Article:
The church is made up of all kinds of people: rich, poor, blue collar, white collar, scientists, history teachers, golfers, geeks, those with advanced degrees, high school dropouts, people who snow ski, people who bowl, gays, star-trekees, cooking channel buffs, life-long members, converts, introverts, extroverts, former alcoholics, adulterers, republicans, democrats, country-western buffs, classical music lovers, Harry Potter enthusiasts, even former murderers, I could go on. I have friends and acquaintances inside and outside of the church who fit in all of these categories. So, I don't see how the church programs personalities and lifestyles--there are too many within the church membership. It does influence lifestyles to try to increase happiness, but I don't see that it programs or constrains personality or limits options. I felt free to pick the career I wanted to pursue and to become the person I felt I should be. I felt my possibilities were only limited by me. I never felt the Church was programming my lifestyle.
You had friends outside of the church, and you knew of their different philosophies and priorities and you were able to compare them. And the people you knew within the church had different opinions and beliefs, too. So, I still don't think I understand what experiences you think you missed. Can you try explaining it again?And then I made a huge mistake in my response by being sarcastic and over-simplifying:
Yeah, I had friends outside of the church, and I knew OF their different philosophies and priorities. But I wasn't able to compare them in an equal sense. My knowledge of differing opinions and lifestyles was cursory at best. I wasn't encouraged to learn or explore those things because I was supposed to be "in the world but not of the world." I was expected to be surrounded by the stuff but not to engage in it. The church's constant reminders of how much evil and confusion there was in the world made sure of that.
And as far as people within the church having different opinions...while that's probably true, it's a very narrow bell curve. The church is not even close to being an accurate sample of America or an accurate sample of humanity. On one side, you have the progressive Mormons that disagree with some of the church's social opinions and are kind of an annoyance to the general membership. On the other side, you have the Mormons that think they talk to their dead grandmothers in their dreams and are kind of politely ignored by the general membership. And then you have the general membership, who for the most part espouse every church teaching and policy. There's very little true variety.While I still think the sentiment behind that is accurate, I'm not sure why I thought it was a good idea to say it that way. Especially considering who I was talking to--a guy who'd had a zillion leadership callings and rubbed shoulders with way more church members than I ever had.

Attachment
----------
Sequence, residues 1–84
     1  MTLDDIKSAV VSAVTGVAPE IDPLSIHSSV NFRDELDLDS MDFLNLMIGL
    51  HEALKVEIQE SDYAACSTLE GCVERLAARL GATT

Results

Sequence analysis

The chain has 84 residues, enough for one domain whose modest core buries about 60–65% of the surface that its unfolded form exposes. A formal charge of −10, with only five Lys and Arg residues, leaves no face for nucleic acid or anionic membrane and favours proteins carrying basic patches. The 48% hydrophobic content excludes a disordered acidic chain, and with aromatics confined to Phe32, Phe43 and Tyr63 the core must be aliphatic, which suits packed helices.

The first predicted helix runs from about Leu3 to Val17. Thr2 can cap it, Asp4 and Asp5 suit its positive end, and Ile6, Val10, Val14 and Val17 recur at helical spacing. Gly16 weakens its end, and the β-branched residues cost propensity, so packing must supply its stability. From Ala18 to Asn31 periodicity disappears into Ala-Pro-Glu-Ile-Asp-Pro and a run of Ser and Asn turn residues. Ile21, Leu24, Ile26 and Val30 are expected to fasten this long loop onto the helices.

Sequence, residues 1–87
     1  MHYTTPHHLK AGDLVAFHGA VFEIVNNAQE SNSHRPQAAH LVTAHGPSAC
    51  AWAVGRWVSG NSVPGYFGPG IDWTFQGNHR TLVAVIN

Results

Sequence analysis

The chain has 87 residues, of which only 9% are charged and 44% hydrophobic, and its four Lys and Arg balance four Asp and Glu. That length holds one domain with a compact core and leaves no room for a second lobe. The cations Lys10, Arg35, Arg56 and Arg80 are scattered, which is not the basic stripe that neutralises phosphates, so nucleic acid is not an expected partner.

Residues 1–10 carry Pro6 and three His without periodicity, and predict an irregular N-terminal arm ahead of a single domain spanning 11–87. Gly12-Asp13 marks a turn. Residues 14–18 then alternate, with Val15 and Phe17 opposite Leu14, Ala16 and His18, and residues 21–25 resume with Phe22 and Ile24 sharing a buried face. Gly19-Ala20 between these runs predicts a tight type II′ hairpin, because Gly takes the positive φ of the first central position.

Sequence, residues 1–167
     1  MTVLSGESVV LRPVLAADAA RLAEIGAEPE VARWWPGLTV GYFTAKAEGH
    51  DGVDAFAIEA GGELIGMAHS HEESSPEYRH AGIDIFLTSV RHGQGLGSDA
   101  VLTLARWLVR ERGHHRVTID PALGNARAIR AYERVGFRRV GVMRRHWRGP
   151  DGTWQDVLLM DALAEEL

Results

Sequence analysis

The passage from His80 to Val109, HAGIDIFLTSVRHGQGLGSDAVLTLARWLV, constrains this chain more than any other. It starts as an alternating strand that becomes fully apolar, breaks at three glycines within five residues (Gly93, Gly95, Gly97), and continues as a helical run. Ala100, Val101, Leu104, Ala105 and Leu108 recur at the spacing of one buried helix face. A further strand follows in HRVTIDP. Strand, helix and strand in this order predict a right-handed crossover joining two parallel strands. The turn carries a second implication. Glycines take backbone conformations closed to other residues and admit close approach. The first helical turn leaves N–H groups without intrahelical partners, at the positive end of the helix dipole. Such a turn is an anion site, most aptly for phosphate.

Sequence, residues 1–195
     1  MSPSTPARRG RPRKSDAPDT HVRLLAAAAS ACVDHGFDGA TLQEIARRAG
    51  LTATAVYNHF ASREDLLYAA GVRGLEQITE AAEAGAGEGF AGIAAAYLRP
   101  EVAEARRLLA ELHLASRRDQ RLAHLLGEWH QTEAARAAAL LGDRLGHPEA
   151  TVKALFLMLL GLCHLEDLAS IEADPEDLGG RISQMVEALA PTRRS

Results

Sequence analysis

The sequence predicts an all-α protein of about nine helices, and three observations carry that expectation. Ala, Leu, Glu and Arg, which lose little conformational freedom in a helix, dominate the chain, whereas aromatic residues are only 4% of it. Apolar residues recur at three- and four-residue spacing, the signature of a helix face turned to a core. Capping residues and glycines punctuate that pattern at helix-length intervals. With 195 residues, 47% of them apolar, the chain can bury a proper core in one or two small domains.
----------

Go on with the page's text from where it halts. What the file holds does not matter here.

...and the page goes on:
If this is your personal assessment based upon your personal experiences, then it is based upon those relatively few you knew in the [ward I grew up in] (and to some extent the [stake I grew up in]) and in a couple of wards at BYU. Yet, there are 37,000 other wards and branches full of somewhere in the neighborhood of 14,500,000 people in hundreds of countries and cultures with varying backgrounds, experiences, talents, dreams, doctrinal understandings, levels of conversion and commitment, personalities, hobby horses, and strength of testimony, whom you have never met. I'm not sure that placing them all into 3 narrowly-defined categories represents a reasonable, logical approach.
I have had a little bit more experience and exposure to a very slightly larger population of the Church, from life-time members to converts, from all parts of the country and in some cases the world, from the poor to the wealthy, from Apostles to in-actives. Many in this little group have shared with me their inner feelings and fears, their worries and struggles, their faith and their doubts. This has given me a perspective that the bell curve has a much higher standard deviation than you might be describing.I kind of had to let him have that point, since he was pretty much correct. On the subject of parenting, he added:
No parent who loves his or her children is going to *not* teach and warn their children of things they believe to be physically or emotionally dangerous, and let them learn "by accident" for themselves by letting them burn their hands on the stove or play in busy streets.To that, I replied: